partnership also reveals the way in which designers and their work

have been able to captivate society.

“This relationship speaks volumes about our passion for

design as it is central to everything we do,” says Gerry

McGovern, Chief Design Officer at Land Rover.“Design must

always have equality with engineering integrity. Bringing a

vehicle from concept to production is a truly multi-disciplined

activity, and design is the glue that pulls it all together.”

FIND OUT MORE

Delve into the world of design excellence at designmuseum.org

06

TECHNOLOGY

POWERING

INNOVATION

This isn't Mars. This is one of the UK's largest solar arrays

located on the roof of Jaguar Land Rover’s advanced Engine

Manufacturing Centre in Wolverhampton. Equipped with more

than 22,600 photovoltaic panels, with a peak of 6.3MW, it is

estimated that the solar array could generate up to 30% of the

Engine Manufacturing Centre's energy requirements. This is

the equivalent to the energy powering over 1,600 homes. The

photovoltaic panels will avoid over 2,400 tonnes of CO 2 that

would have been generated via grid electricity. Jaguar Land

Rover has recently announced to buy all its UK electricity from

renewable sources up to March 2020. “Our future is lowcarbon,

clean and efficient,” says Jaguar Land Rover’s Head

of Purchasing and HR, Ian Harnett.

16


LAND ROVER SERVICING

BECAUSE YOU GO FAR

WE GO FURTHER

Whenever your Land Rover comes in for servicing, we go out of our way to make

the experience as stress-free as possible. No one knows your vehicle quite like

Land Rover; you’ll find expert technicians, Genuine Parts and even complimentary

refreshments are all part of the service.

To book your service, go to landrover.com


N A V I G A T O R

THE RANGE ROVER STORY

07

INSIGHT

The Range Rover has been a mainstay on our roads ever

since the first pre-production vehicles were built in 1967,

and there's now an exhibition at Jaguar Land Rover’s Solihull

manufacturing plant where Range Rovers have been

manufactured since 1970 that charts the inexorable rise

of a uniquely British icon.

‘The Range Rover Story’ exhibition uncovers previously

unseen artefacts and materials that track the five decades of

the Range Rover from the pioneering car for all reasons to the

definitive luxury SUV it is today. From the earliest sketches and

a full-sized prototype replica crafted out of clay, to the modern

day, cutting-edge Range Rover Velar (the first all-new Range

Rover to be revealed since the Evoque in 2010), the exhibition

illustrates the evolution of a one-of-a-kind vehicle.

Visitors who want something more can also take a threehour

manufacturing tour through the Solihull factory where the

iconic cars are made. The tour further documents the mix of

highly-skilled manufacturing workers and state-of-the-art robots

that is required to build a 2017 Range Rover, right down to the

last nut and bolt. Accompanied by your own expert guide the

tour takes guests around the aluminium-intensive architecture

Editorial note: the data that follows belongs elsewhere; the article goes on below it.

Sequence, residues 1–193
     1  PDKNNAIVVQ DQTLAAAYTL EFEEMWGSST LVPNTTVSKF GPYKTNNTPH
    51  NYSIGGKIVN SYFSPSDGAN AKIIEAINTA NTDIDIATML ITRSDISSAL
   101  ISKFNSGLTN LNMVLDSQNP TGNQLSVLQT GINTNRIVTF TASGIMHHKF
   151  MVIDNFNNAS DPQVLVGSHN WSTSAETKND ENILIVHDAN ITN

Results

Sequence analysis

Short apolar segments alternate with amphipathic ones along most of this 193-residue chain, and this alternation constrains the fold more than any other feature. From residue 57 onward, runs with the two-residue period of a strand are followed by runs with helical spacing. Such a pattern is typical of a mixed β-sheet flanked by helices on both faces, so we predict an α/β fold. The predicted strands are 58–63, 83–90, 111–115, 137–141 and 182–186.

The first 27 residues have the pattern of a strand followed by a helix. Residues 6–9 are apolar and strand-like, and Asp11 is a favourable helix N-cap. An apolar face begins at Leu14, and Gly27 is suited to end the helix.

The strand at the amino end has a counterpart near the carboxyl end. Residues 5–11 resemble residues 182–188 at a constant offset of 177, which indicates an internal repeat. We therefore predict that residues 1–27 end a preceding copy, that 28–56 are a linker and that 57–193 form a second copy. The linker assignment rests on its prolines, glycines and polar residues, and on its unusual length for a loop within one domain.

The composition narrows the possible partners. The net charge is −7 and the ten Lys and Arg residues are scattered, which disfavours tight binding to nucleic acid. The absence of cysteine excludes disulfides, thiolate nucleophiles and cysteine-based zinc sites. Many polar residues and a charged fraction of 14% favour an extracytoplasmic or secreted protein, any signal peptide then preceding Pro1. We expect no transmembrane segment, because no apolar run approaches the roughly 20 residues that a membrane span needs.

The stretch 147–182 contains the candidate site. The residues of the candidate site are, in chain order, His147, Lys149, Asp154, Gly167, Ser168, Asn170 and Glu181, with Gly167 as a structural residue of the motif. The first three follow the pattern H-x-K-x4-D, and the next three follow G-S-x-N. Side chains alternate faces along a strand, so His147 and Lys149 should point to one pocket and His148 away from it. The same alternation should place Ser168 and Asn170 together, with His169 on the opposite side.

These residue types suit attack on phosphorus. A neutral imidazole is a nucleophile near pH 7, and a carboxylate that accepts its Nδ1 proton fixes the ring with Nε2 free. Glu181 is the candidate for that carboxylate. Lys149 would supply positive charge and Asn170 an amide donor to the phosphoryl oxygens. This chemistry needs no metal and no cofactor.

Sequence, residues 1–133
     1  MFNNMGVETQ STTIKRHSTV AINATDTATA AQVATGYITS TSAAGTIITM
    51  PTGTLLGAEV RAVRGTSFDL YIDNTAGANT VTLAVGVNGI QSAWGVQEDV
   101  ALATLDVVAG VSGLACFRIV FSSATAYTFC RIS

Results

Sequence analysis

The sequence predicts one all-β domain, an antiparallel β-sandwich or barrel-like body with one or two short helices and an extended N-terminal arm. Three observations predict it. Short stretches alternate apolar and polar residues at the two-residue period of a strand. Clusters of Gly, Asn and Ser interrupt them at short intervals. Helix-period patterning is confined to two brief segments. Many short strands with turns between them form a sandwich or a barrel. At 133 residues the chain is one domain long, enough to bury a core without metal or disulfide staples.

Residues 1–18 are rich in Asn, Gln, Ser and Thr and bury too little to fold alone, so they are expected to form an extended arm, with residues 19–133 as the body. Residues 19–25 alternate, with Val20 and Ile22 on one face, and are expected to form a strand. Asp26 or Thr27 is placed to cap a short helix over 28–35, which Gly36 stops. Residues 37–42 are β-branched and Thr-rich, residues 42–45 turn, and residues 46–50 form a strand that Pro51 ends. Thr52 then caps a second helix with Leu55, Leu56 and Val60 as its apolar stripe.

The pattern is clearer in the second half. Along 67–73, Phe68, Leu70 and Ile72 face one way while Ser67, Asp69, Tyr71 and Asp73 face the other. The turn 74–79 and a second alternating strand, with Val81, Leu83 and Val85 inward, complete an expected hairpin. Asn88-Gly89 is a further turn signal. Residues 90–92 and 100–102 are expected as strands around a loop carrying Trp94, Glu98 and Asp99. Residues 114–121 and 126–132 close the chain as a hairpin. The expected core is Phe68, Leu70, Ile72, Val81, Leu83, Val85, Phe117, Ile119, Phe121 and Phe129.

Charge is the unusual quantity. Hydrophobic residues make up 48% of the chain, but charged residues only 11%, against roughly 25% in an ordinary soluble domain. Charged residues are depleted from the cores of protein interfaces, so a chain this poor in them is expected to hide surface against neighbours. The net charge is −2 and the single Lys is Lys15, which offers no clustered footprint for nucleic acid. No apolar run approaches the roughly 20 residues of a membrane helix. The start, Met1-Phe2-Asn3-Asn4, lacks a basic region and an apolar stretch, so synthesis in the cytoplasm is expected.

body shop and final assembly sectors where the latest model

in the Range Rover family comes together.

The exhibition and manufacturing tour which has been

curated with the help of long-serving staff members at the

Solihull plant, some of whom have worked on Range Rovers

since the first prototype documents the extensive, rich

heritage of the brand with the cutting-edge technology that

makes its manufacture possible and exciting today.

FIND OUT MORE

Why not book your place now, visit landrover.com/experiencesolihull

A clay replica with the

iconic floating roof and

grille variations. Below:

the original driving

chassis from the launch

18


N A V I G A T O R

08

TECHNOLOGY

FASTER

FUELLING

A new cashless payment app, developed in collaboration

with Shell has now been integrated into the touchscreen of

the Land Rover family of vehicles and will be soon available

around the world.

The Fill Up & Go app will revoutionise the way we refuel

at the fuel station. Drivers will be able to make their payment

directly from their vehicle, saving time and freeing them up

from the worry of leaving car and passengers unattended on

a station forecourt. The app is already available to owners

whose vehicles are equipped with InControl Apps.

Simply open the Shell app on the dashboard touchscreen

to pay for petrol via PayPal or Apple Pay - this offers a seamless

payment system that removes the headaches from refuelling.

Like the sound of that? Why not head to your app store to join

the payment revolution?

FIND OUT MORE

Visit your app store or search InControl Apps for more information

EVOQUE LANDMARK

09

NEWS

Six years after first going on sale and enjoying record sales, Land

Rover has marked the occasion by releasing a special Landmark

edition of the Range Rover Evoque. The luxury compact SUV which

established a new niche within this popular segment achieved 18,000

sales across the world in March, underlying the immense popularity

of the model. “The Evoque has been an indisputable success and

continues to thrive,” says Jaguar Land Rover CEO Dr. Ralf Speth.

The celebratory Landmark edition has new dynamic detailing and

a distinctive aesthetic, highlighted by the option of a new Moraine

Blue colour, inspired by the turquoise lakes of the Canadian Rocky

Mountains. The Evoque Landmark edition boasts a fixed panoramic

roof in Carpathian Grey, 19-inch Gloss Dark Grey alloy wheels and

Graphite Atlas grille, bonnet, fender vent and tailgate lettering, as

well as Keyless Entry and Powered Gesture Tailgate convenience

features as standard.

FIND OUT MORE For more information about the Range Rover

Evoque visit landrover.com/evoque